1. Ensure that the information on hurricane impacts on coastal and beach resources is available to every citizen in the islands.  In particular target special interest groups, such as coastal land owners, hotel owners, tourism associations, fishing communities, with information on the impacts of hurricanes on their coastal and beach resources.

  2. Provide information and training relating to coastal defence options, to include hard and soft engineering solutions, to planning and other government agencies, as well as the special interest groups outlined in c) (i) above.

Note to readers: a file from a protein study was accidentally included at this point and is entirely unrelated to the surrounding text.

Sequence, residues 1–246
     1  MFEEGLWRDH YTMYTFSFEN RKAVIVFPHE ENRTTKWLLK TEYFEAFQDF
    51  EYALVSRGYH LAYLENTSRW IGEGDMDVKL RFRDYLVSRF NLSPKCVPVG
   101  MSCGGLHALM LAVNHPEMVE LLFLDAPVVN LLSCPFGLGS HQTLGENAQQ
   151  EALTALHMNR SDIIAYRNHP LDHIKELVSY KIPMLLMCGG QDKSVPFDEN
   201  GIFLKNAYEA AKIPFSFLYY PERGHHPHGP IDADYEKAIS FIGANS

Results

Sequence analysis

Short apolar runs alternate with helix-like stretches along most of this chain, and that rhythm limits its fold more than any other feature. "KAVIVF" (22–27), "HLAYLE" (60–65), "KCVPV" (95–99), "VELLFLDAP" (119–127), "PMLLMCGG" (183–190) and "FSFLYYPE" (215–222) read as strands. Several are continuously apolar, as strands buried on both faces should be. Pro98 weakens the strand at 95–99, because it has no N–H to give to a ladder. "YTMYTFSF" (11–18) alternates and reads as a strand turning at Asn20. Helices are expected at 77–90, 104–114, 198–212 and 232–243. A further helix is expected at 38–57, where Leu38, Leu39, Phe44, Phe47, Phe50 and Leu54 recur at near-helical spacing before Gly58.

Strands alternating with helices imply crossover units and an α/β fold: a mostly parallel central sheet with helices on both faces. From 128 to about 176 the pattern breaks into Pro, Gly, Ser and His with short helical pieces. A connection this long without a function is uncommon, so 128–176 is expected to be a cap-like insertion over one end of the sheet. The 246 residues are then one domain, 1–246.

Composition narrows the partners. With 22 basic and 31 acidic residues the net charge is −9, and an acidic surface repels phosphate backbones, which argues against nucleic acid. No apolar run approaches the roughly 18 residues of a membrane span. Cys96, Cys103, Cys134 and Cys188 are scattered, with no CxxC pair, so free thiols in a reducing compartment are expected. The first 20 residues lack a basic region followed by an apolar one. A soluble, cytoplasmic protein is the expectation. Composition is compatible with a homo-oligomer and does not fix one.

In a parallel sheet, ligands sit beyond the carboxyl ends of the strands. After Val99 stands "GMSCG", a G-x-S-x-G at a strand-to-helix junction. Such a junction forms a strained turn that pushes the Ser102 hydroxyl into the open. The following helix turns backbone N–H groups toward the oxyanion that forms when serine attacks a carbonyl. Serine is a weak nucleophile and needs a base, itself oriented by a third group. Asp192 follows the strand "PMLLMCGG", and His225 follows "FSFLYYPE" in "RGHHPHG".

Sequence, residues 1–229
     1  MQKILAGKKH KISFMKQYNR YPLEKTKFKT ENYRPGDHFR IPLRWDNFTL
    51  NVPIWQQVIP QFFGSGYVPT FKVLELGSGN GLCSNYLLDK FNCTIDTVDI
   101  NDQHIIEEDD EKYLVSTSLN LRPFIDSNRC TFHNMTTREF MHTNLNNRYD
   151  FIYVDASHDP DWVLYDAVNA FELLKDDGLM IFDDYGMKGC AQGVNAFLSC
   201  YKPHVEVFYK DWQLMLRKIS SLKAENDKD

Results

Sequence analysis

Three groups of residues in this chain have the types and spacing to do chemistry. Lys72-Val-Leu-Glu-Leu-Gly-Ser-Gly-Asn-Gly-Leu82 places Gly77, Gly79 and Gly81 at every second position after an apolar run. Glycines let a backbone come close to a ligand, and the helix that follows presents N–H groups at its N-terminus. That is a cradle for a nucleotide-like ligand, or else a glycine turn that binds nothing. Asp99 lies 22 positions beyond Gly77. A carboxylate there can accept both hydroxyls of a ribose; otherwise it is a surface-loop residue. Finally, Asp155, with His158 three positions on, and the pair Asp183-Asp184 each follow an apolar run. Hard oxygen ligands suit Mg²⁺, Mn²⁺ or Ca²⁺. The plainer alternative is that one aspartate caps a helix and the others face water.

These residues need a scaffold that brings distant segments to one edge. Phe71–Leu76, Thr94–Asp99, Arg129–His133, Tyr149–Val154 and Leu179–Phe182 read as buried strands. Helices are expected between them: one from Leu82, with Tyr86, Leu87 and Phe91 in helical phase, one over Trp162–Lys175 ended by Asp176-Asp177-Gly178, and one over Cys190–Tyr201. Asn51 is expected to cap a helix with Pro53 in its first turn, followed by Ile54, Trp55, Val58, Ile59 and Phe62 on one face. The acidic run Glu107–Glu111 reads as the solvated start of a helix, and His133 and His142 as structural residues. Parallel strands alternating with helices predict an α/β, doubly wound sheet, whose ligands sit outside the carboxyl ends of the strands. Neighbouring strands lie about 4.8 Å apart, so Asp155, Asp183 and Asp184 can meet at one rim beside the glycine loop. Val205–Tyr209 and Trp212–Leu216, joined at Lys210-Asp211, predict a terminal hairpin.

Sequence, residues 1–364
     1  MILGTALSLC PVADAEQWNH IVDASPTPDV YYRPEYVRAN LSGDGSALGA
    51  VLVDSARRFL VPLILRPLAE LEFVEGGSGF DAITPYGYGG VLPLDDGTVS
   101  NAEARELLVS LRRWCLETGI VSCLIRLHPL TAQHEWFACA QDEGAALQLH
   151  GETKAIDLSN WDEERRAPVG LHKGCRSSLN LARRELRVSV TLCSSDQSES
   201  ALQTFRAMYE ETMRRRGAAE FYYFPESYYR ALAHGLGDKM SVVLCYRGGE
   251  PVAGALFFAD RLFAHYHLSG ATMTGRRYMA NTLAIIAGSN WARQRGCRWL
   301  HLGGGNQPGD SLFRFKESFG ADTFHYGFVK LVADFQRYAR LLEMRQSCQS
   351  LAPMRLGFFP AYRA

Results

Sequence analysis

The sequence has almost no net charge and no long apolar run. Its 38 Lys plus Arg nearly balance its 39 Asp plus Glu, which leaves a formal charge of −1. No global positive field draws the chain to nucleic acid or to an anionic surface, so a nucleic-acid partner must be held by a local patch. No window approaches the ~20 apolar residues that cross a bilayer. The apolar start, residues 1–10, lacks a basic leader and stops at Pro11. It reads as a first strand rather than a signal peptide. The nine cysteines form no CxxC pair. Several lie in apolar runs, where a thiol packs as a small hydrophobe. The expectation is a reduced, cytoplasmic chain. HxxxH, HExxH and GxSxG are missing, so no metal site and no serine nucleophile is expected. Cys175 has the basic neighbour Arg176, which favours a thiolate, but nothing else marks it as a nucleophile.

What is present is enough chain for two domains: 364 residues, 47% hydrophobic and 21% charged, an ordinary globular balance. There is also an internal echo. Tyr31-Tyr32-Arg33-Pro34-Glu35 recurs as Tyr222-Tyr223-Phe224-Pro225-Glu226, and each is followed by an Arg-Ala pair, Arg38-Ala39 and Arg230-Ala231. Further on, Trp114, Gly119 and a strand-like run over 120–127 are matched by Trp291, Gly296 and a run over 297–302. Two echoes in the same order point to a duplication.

While it is impossible to prevent hurricanes, planning for future hurricanes is the key to reducing their impact.  Never was this more apparent than in the eastern Caribbean Islands in the months following September 1995.   While disaster preparedness and mitigation agencies play a key role in this activity on both the national and regional scale, the impacts of hurricanes are so widespread that it is up to every individual, private enterprise and government agency in the islands to plan for the next hurricane.  Actions may vary from country wide disaster simulation exercises to an individual securing his own house roof.  With all the knowledge to hand, we cannot rest on the hope that since we were hit last year, we will be spared for the next 20 years.  The time for planning and action is now.